The Medicine Gap is a social initiative created by Rachel Smalley and Carla Hofler, to highlight the huge medicine gap and disparity in Aotearoa. Rachel is the storyteller and Carla runs the digital side of the initiative. They work together to tell the stories of New Zealanders who are personally affected by Aotearoa’s lack of medical funding. I reached out to Rachel as soon as I found out about The Medicine Gap; I felt immediately connected with the work and wanted to do my part to help. After my dad was diagnosed, I quickly became aware of the huge flaws in New Zealand’s medical system, especially when it comes to funding and cancer care. I was taken aback by just how much we were lagging behind other countries.

As to what propelled the creation of The Medicine Gap, Rachel started by saying “there are very few New Zealanders who are aware of the predicament this country is in, and a group of people I know, decided to try and change that.” They realised most of us were contributing to Givealittle campaigns to help those fundraising for life-saving drugs and treatment, but the situation was escalating. Givealittle has become a mechanism for survival in New Zealand. Like myself, this perplexed Rachel. “New Zealand is not a poor country, this is not an underdeveloped country. There are thousands of families who are impacted by this and that’s why we developed The Medicine Gap”.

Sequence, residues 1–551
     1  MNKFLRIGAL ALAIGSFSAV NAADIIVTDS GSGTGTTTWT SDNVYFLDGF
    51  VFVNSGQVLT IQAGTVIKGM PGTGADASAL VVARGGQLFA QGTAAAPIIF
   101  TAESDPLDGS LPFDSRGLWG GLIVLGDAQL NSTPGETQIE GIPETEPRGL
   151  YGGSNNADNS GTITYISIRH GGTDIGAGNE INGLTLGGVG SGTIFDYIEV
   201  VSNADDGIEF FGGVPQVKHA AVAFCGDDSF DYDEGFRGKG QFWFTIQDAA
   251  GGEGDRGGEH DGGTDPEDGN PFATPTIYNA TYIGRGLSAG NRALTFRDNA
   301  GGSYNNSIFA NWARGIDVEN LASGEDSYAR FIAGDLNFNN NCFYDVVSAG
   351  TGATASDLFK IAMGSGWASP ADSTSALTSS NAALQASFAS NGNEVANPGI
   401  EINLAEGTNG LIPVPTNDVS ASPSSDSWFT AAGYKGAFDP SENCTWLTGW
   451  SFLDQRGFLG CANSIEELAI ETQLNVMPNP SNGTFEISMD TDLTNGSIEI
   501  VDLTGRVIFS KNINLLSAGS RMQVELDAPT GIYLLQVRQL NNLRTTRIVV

The goals of The Medicine Gap call for huge and transformative change. There needs to be a large overhaul in the way we approach funding medicines in New Zealand. “First of all, we need to allocate $400 million a year to Pharmac to increase funding. That will help us address around 100 medicines on the waitlist, and give our doctors the tools they need to treat modern diseases and reduce the level of suffering in New Zealand, and untimely deaths.”

Pharmac’s objectives haven’t changed since the 1990s; it’s driven to be cost-effective and to acquire cheap drugs. Rachel stated, “it doesn’t consider the societal cost of not funding medicines. For example, if we don’t fund a new biologic drug to treat Crohn’s disease, some people will spend the rest of their lives in and out of hospital, and on a benefit. The cost comes out of other budgets, the Ministry of Social Development, the Ministry of Health, and the local DHB. Collectively, it costs the taxpayer a lot more not to fund the medicine, however Pharmac is only mandated to look at its own budget, not the cost to the country.”